It is important to remember two things here. First, as previously mentioned, therole of a PMO is—and should always be—very specific to the needs of a particularcompany. One should not try to apply these KPIs directly. Rather, they should betailored to reflect the PMO’s prescribed role.Second, too many KPIs can lead to a muddled sense of where accomplishmenttruly lies. Like having too many gauges on the dashboard of a car, measuring toomany indicators of success can be tricky and confusing. It is better to pick a coupleof KPIs that fit your company well and focus attention on those rather than tryingto measure a plethora of indicators that will lead to hazy results.Focusing on Five Key KPIsWith those factors in mind, let’s take a look at five KPIs you can use todemonstrate the effectiveness of your PMO. 1. Time to Market Time to Market=Elapsed Time from Idea Conception to Delivery Alternate Time to Market= Actual Completion Time – Budgeted Completion Time The PMO can improve a product’s time to market in two ways. First, it can increase the speed at which projects are completed. The benefits here are obvious: a project that is completed faster generally means greater customer and company satisfaction since it will be available for distribution sooner. The PMO also improves time to market by promoting better adherence to project schedules. This results in customer satisfaction, improved trust in the project team, and a greater ability to accurately predict future project lifecycles. More important, it ensures that a time-dependent product, such as a video game with a pre-Christmas release date, will not miss a deadline that would result in drastically reduced or nonexistent sales. PMOs that consistently improve time to market can streamline processes. For example, projects can be rolled out on time without having to hastily skip steps in the development phase.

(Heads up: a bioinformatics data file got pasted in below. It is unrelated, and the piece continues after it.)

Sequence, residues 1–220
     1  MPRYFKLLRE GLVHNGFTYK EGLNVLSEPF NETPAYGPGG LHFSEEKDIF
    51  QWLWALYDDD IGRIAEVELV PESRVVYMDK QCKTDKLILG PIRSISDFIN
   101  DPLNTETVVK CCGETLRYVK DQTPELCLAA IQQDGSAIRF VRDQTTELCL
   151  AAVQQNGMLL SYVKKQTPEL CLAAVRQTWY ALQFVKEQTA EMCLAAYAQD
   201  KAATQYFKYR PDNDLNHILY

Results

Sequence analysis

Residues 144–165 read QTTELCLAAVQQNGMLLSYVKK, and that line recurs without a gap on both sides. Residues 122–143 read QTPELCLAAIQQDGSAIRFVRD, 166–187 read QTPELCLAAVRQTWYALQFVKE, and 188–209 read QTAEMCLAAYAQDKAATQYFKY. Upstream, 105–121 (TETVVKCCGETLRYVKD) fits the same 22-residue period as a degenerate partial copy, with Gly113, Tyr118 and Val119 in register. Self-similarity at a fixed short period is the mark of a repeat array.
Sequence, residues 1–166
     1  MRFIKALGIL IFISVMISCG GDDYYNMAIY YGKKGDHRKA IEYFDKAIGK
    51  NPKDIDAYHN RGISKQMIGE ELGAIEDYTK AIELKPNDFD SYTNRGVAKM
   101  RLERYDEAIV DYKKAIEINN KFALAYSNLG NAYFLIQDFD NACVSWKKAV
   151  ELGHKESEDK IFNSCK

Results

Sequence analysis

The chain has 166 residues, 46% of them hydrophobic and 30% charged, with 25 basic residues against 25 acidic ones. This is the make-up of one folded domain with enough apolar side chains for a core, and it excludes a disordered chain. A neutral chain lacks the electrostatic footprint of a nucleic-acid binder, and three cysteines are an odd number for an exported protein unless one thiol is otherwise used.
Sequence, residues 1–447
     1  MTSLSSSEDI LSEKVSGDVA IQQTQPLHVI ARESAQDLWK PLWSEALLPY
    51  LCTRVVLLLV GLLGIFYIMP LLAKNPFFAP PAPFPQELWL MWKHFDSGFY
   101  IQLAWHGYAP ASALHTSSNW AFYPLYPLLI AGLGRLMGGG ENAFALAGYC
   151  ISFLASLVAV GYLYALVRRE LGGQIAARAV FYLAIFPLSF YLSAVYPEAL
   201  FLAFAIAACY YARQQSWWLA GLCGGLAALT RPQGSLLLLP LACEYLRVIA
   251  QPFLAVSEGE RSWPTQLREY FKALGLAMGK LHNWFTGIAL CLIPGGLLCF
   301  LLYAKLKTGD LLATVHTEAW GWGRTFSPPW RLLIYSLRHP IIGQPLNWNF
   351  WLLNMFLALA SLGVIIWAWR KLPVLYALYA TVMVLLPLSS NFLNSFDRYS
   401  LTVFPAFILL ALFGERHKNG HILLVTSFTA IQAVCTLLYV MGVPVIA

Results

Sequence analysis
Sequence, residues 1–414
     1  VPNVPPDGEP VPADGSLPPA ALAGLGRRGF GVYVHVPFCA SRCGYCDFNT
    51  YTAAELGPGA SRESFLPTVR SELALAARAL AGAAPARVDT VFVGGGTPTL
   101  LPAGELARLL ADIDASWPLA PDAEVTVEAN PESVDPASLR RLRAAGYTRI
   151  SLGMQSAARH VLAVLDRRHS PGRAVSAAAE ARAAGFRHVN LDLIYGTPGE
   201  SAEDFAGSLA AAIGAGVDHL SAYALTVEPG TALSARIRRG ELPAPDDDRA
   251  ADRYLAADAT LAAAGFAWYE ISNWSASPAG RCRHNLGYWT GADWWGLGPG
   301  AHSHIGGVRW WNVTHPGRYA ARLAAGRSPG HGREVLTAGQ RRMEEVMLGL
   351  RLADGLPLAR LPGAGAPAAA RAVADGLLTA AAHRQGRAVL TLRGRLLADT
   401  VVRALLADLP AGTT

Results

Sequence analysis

2. Service Availability Service Availability = Actual Start Time-Optimal Start Time Service availability refers to the time it takes to start a project compared with the desired start date. It differs from time to market in two ways: 1) It can measure the time that is allotted for specific tasks as opposed to only referring to the completion date of a final product. 2) It can be measured at numerous points during project development. As a reference point for a business, it makes sense because it measures the capacity to complete more projects or allocate more time to valuable projects. Further, having a good measure of service availability allows the PMO to divert resources to critical path tasks should the need arise. The PMO specializes in increasing service availability by streamlining tasks and accurately scheduling future projects. If the above equation has a lower number it means higher service availability. However, a business must be careful not to have such a high amount of availability that resources are being benched. Wasted resources can drain just as much money from a business as a poorly managed service schedule.3. ROI ROI=(Revenue-Investment)/Investment*100 The PMO contributes to a company’s ROI by making sure that projects are successfully completed according to the specifications detailed by the parent company and other key stakeholders. Because of this, examining ROI as a KPI offers an incomplete view into the productivity of the PMO. This is because the PMO does not generally influence financial returns directly. Rather, it provides the framework upon which success can be built. ROI, then, must be looked at in combination with other metrics to determine the